On Wednesday I waxed philosophical about how dice vs. story is a big part of running games, and about how sometimes you either have to fudge dice to build tension and drama in a story or accept that your stories will have an unsatisfying end.
Today I'm curious just how often, and in what ways, do you fudge your game?
As a GM I am guilty of this. I don't do it in every game. If we say we're going by the book, I run by the book and that means the dice lay as they lay for good or for ill. However, if we're going for story - or we're deep into a story - I have fudged the dice. Not to alter the big picture outcome of an event, but to make sure it hits the high note.
The most egregious of these I've done is I have, at times, kept an NPC alive in combat longer than they should have - by maybe about a round - because it didn't feel right if the kill went to a particular PC. I've done this all of one times, I balanced it by not even rolling for the NPC on their turn - they'd technically already died, I was just giving credit to someone else for story purposes.
Beyond this though, and while I agree that the dice can ruin stories, the times when everything is played straight and the story still happens can just feell so much better, and I love that. Because of it I'm more and more prone to just letting the dice lay as they may and finding ways to make that satisfying rather than rip away the ultimate feeling of a victory that came not just because of the planning and preparation of the PCs, but because random chance - or fate - was also on their side.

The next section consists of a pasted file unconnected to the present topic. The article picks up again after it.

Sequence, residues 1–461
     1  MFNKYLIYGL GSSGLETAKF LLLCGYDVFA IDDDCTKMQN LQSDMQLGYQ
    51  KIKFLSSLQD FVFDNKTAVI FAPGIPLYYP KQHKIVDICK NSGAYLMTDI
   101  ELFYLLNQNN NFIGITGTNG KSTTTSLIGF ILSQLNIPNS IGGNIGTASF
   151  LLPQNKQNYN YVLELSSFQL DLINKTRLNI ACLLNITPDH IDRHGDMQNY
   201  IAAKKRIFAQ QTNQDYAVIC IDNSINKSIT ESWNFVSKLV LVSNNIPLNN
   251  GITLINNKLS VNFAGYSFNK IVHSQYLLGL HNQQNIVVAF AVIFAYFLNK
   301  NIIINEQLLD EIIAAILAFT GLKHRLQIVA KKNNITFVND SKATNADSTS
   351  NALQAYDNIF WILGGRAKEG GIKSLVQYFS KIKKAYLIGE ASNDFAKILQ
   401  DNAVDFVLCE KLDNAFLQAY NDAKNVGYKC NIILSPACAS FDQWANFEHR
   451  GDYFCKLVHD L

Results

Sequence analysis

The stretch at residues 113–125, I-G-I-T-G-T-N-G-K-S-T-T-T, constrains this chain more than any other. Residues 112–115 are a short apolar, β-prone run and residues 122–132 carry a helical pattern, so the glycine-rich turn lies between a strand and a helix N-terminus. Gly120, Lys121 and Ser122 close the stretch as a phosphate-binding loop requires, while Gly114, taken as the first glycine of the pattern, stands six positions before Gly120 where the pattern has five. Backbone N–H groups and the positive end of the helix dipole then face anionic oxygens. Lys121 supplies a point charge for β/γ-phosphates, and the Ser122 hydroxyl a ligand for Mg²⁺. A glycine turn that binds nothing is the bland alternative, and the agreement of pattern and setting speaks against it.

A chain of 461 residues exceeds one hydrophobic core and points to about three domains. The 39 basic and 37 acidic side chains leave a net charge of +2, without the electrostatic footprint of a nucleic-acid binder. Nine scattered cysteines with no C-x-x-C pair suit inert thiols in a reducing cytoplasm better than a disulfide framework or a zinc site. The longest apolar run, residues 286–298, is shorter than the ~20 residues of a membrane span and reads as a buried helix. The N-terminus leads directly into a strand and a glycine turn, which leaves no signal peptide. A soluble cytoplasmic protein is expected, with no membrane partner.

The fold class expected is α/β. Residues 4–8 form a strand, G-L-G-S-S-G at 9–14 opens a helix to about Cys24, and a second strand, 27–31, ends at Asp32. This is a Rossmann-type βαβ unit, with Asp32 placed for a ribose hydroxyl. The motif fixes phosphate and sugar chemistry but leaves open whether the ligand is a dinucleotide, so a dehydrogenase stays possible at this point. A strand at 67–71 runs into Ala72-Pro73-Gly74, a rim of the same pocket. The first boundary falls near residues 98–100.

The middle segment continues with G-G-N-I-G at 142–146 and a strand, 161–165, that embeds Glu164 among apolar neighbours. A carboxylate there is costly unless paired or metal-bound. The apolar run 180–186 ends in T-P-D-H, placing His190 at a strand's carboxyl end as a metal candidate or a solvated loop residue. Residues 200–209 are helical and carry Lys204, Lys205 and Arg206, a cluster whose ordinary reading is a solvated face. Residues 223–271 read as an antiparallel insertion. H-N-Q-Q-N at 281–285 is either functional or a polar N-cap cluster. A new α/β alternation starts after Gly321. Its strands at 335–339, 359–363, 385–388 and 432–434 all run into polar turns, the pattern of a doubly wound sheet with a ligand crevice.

That said, I am guilty of fudging when rolls are called for. If there is something I need to happen, or want to happen for the story - even if by the book it should be a roll - I'll just give it to the players, or have it never available to them depending on how it needs to go.
But what about you?
I don't fudge dice. If there's a result the dice can turn up that I or someone else at the table won't be happy with, then I don't make or call for the roll.ReplyDelete
I will do what some would probably call "fudging" when it comes to things in the game world. I try to give my monsters alternate goals in combat, so if the PCs are being beaten down, the monsters can plausibly return to whatever their actual job was, rather than, say, stomping on an unconscious character.